Authors - Marcus Tullius Cicero
Marcus Tullius Cicero (January 3, 106 BC - December 7, 43 BC; sometimes anglicized as Tully), was a Roman philosopher, statesman, lawyer, orator, political theorist, Roman consul and constitutionalist. He came from a wealthy municipal family of the equestrian order, and is widely considered one of Rome's greatest orators and prose stylists. - Wikipedia
As I approve of a youth that has something of the old man in him, so I am no less pleased with an old man that has something of the youth. He that follows this rule may be old in body, but can never be so in mind.
An unjust peace is better than a just war.
Advice in old age is foolish; for what can be more absurd than to increase our provisions for the road the nearer we approach to our journey's end.
All splendid things are rare.
In the very books in which philosophers bid us scorn fame, they inscribe their names.
Times are bad. Children no longer obey their parents, and everyone is writing a book.
There is nothing so absurd but some philosopher has said it.
A man of courage is also full of faith.
Wise men are instructed by reason; men of less understanding, by experience; the most ignorant, by necessity; the beasts, by nature.
No one can speak well, unless he thoroughly understands his subject.
It is a true saying that "One falsehood leads easily to another".
Such praise coming from so degraded a source, was degrading to me, its recipient.
He only employs his passion who can make no use of his reason.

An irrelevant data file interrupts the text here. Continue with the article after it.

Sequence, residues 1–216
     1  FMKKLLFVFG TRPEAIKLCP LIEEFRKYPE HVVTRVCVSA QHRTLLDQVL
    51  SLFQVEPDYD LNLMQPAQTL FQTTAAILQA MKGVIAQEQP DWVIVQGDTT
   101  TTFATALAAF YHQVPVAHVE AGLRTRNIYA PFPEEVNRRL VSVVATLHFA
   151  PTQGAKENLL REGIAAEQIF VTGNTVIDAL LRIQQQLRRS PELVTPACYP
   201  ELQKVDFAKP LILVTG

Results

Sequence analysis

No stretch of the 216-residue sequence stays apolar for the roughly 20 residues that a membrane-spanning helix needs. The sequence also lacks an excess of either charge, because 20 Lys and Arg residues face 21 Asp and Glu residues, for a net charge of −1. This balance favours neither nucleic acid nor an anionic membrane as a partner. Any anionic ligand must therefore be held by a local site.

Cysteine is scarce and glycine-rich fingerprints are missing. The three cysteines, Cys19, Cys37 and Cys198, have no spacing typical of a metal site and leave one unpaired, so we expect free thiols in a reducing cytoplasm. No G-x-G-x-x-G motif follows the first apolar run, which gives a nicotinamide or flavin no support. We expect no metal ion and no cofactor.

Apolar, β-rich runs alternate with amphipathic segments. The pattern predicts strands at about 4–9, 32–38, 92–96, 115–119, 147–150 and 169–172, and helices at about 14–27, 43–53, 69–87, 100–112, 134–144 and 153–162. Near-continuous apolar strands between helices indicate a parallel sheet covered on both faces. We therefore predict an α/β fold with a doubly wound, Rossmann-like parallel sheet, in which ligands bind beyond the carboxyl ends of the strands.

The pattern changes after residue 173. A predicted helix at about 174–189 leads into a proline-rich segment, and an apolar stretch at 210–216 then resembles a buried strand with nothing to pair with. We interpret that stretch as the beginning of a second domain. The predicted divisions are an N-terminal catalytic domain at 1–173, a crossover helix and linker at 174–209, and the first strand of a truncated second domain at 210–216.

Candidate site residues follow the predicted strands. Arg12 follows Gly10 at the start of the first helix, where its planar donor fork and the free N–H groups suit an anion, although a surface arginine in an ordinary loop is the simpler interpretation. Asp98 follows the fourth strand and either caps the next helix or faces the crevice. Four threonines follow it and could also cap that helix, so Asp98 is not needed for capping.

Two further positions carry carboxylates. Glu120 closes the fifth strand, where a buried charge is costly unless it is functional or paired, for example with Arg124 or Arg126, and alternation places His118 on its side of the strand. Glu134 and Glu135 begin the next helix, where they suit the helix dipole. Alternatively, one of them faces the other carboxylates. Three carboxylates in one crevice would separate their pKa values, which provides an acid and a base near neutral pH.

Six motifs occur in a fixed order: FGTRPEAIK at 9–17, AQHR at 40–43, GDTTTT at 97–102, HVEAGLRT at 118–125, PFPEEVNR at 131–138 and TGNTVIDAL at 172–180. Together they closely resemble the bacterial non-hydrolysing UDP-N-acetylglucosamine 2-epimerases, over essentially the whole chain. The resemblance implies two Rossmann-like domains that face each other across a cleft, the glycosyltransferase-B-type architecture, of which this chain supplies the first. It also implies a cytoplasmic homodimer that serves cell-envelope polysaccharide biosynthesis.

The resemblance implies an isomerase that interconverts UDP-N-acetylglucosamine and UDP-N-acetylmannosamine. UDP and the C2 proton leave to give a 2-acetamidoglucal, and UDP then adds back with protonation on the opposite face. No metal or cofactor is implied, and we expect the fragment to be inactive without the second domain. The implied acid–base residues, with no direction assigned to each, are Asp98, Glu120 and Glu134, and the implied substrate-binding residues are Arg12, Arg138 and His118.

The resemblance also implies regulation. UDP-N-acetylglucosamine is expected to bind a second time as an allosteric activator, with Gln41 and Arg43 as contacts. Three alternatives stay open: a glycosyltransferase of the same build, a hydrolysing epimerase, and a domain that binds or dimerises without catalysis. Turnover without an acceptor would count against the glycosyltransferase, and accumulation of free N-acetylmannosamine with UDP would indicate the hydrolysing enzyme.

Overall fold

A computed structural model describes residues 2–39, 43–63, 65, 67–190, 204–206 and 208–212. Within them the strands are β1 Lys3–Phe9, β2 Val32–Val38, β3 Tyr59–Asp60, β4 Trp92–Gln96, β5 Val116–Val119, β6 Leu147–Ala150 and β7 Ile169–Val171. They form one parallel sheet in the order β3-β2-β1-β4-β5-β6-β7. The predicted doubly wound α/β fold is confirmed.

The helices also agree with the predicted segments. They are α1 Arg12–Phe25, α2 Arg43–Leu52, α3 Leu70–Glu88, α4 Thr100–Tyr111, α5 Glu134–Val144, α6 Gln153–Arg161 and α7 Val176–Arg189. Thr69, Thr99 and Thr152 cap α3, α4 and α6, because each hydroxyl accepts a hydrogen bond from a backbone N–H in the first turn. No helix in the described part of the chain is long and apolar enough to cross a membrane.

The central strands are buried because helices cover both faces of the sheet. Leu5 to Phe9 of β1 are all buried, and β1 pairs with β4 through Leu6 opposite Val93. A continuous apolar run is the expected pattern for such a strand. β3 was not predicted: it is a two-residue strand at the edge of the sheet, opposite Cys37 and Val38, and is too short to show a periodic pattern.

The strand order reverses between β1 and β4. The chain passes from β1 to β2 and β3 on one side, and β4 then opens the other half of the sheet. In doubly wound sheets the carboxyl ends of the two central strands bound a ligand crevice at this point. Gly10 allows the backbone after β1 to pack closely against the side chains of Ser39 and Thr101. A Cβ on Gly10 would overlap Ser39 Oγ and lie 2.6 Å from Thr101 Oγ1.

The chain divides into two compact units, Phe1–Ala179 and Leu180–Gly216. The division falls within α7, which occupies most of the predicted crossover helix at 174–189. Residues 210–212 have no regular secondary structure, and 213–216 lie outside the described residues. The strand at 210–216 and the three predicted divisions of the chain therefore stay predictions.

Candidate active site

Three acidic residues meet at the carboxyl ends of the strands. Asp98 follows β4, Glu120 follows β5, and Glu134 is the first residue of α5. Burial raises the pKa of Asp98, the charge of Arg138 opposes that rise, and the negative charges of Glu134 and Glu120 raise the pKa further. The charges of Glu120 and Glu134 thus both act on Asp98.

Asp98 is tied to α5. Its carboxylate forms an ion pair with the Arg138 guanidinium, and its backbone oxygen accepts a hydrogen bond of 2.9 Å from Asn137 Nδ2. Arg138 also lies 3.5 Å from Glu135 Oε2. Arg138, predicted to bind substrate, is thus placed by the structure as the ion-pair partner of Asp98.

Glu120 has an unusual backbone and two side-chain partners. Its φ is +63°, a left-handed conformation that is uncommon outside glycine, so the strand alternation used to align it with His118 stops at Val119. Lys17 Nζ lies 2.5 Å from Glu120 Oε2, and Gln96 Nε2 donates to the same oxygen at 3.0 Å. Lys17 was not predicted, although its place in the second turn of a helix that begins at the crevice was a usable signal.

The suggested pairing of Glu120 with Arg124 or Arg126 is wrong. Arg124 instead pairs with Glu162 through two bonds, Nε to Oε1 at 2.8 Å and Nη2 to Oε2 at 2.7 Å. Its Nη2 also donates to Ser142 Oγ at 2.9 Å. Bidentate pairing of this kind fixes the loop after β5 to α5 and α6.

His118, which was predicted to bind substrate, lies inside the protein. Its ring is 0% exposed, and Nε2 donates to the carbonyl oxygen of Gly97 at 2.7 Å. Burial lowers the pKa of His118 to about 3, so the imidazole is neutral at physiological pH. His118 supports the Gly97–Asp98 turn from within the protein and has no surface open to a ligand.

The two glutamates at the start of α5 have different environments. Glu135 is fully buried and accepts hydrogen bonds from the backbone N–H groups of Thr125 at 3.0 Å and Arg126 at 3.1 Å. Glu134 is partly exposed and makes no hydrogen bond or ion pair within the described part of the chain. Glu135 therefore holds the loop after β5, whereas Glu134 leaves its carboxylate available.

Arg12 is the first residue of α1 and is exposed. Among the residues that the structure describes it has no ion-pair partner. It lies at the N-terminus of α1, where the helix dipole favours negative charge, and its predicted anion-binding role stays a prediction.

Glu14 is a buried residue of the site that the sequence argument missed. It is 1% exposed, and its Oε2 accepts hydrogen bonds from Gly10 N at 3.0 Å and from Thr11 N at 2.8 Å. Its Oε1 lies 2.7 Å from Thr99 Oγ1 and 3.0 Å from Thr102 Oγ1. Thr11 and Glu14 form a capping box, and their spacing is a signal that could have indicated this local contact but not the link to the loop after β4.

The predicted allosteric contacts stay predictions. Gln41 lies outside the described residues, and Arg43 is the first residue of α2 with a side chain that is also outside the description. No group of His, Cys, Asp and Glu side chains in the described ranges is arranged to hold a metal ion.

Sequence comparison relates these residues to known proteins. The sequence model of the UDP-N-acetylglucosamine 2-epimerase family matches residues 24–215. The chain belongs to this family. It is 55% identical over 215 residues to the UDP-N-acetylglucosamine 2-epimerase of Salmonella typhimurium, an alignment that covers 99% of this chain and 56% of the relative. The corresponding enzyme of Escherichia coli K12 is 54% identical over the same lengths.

All action is of the mind and the mirror of the mind is the face, its index the eyes.
Nature herself makes the wise man rich.
Liberty is rendered even more precious by the recollection of servitude.
Let arms give place to the robe, and the laurel of the warriors yield to the tongue of the orator.
The freedom of poetic license.
A friend is, as it were, a second self.
A mind without instruction can no more bear fruit than can a field, however fertile, without cultivation.
The first duty of a man is the seeking after and the investigation of truth.
History is the witness that testifies to the passing of time; it illumines reality, vitalizes memory, provides guidance in daily life and brings us tidings of antiquity.
The strictest law often causes the most serious wrong.
Art is born of the observation and investigation of nature.
Endless money forms the sinews of war.
Our span of life is brief, but is long enough for us to live well and honestly.
Men decide far more problems by hate, love, lust, rage, sorrow, joy, hope, fear, illusion, or some other inward emotion, than by reality, authority, any legal standard, judicial precedent, or statute.
The absolute good is not a matter of opinion but of nature.
A happy life consists in tranquility of mind.
In so far as the mind is stronger than the body, so are the ills contracted by the mind more severe than those contracted by the body.
The welfare of the people is the ultimate law.
There are some duties we owe even to those who have wronged us. There is, after all, a limit to retribution and punishment.
Neither can embellishments of language be found without arrangement and expression of thoughts, nor can thoughts be made to shine without the light of language.
Advice is judged by results, not by intentions.
We must not say every mistake is a foolish one.
We are obliged to respect, defend and maintain the common bonds of union and fellowship that exist among all members of the human race.
Law stands mute in the midst of arms.
Everyone has the obligation to ponder well his own specific traits of character. He must also regulate them adequately and not wonder whether someone else's traits might suit him better. The more definitely his own a man's character is, the better it fits him.
He removes the greatest ornament of friendship, who takes away from it respect.
Peace is liberty in tranquillity.
Time destroys the speculation of men, but it confirms nature.
If you have a garden and a library, you have everything you need.
The more laws, the less justice.
While there's life, there's hope.
Nobody can give you wiser advice than yourself.
Eating rice cakes is like chewing on a foam coffee cup, only less filling.